Since emerging from its second swing through bankruptcy court about a year ago,
(CHKE:Nasdaq), the once-powerful apparel maker, has shed its manufacturing skin and has emerged as a lean, mean licensing machine.
Assuming all goes as planned, by the end of fiscal 1997, on May 31, Cherokee will have $8 million in cash, no debt and very little overhead, according to CFO Carol Gratzke. That figure is contingent on some additional corporate moves, including the sale of a building.
Granted, that's only a fraction of what the company was worth in the early '90s, when annual revenue soared past $200 million, the staff numbered 500, and several manufacturing plants hummed with activity. Today, with just 14 employees and annual overhead under $2 million a year, the company has given up its manufacturing business. It simply sells its name directly to retailers, who use their own manufacturers to make the product.
The company is thinly traded, with only a $39 million market capitalization. Yet, the stock has appreciated 71% since the beginning of the year, when much of the reorganization began. It closed Monday at $5.75.
"Things are happening more quickly than we anticipated," Gratzke says. The company already has hooked 28 licensees since its reincarnation, and Gratzke says Cherokee is working on deals in Asia, the Far East and South America. It also signed a contract for a line of bedding, bath and linens that will be on the market in spring '97.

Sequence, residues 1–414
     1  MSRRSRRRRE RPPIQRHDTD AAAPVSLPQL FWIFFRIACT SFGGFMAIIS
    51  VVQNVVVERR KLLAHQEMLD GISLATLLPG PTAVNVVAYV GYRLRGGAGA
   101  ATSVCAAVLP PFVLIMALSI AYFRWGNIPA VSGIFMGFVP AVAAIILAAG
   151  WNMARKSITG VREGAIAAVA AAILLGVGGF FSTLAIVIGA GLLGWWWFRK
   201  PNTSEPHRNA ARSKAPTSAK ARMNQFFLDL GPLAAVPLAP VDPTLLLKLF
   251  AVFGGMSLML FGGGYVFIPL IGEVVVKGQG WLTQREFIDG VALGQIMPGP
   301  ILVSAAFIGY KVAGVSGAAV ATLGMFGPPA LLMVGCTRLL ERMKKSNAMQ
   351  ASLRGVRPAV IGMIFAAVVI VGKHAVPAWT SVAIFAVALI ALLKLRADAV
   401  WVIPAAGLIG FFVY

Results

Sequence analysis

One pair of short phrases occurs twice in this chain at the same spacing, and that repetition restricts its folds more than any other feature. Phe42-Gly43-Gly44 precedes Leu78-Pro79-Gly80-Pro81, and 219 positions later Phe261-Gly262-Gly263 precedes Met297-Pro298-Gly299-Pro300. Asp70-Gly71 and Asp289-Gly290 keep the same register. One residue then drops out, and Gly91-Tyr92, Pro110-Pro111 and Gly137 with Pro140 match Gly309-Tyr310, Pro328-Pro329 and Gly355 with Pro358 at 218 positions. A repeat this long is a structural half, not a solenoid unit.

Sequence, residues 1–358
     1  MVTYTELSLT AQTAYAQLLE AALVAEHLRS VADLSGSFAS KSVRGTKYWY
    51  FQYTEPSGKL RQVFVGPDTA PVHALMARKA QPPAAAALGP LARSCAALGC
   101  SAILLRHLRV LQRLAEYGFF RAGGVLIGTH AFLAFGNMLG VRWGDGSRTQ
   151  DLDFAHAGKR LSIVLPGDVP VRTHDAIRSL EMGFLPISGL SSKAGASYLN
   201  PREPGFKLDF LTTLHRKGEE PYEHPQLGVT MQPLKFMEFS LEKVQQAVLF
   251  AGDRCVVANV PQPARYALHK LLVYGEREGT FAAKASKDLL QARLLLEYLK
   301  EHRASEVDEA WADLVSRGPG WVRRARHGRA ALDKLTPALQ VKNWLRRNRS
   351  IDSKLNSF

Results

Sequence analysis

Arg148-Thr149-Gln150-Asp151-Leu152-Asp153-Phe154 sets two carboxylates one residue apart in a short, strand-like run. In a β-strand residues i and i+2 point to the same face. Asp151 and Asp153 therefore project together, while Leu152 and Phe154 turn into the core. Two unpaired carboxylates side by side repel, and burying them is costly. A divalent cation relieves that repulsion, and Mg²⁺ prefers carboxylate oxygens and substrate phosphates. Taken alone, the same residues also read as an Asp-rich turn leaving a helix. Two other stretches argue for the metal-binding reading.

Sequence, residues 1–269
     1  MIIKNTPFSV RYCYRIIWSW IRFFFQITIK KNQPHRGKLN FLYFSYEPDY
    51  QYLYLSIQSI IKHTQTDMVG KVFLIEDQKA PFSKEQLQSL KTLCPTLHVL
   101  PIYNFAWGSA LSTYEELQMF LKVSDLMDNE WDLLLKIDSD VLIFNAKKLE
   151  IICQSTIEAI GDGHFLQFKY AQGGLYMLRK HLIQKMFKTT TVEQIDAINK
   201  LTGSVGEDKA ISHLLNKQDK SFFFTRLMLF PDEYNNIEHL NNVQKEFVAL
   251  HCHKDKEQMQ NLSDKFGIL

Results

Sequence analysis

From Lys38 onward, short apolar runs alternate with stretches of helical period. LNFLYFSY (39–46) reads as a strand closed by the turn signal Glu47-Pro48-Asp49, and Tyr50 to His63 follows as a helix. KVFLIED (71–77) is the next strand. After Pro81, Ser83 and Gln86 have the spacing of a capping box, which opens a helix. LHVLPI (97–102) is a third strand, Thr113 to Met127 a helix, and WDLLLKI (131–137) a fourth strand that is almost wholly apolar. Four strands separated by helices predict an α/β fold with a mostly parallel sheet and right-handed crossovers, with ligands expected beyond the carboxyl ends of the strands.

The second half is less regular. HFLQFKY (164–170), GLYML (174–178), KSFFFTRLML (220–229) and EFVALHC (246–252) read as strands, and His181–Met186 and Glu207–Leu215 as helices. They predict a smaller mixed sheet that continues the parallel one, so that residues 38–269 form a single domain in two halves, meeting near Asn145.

A deal signed with
in 1995 pits Cherokee against private labels, like the
brand, sold by
(JCP:NYSE), rather than running it up against big-time national players like
And if Cherokee can make inroads into the mammoth discount retail niche, it's looking at a market of $290 billion in annual sales. Kurt Barnard, president of the
Barnard Retail Marketing
newsletter, says a presence in Target opens the door to
(WMT:NYSE). "If you've got those three, you don't need anybody else."
Now that Cherokee, a casualty of the leveraged buyout era, is finally free of debt and cash rich, some might consider the company a takeover target. But Richard Giss, a partner in the retail services group at the accounting firm
Deloitte & Touche
, sees that prospect as unlikely. "They've only got one asset--their name," says Giss.
Gratzke says the company will use its excess cash either to repurchase stock, distribute dividends or purchase another brand name.
Giss thinks Cherokee's biggest challenge will be preserving the reputation of its brand name, as an increasing number of outside companies manufacture products with the Cherokee imprimatur.
"Their full time business is watching what others do with their name," Giss says. "It doesn't mean they'll do it well, but it's not a bad strategy."
By Suzanne Kapner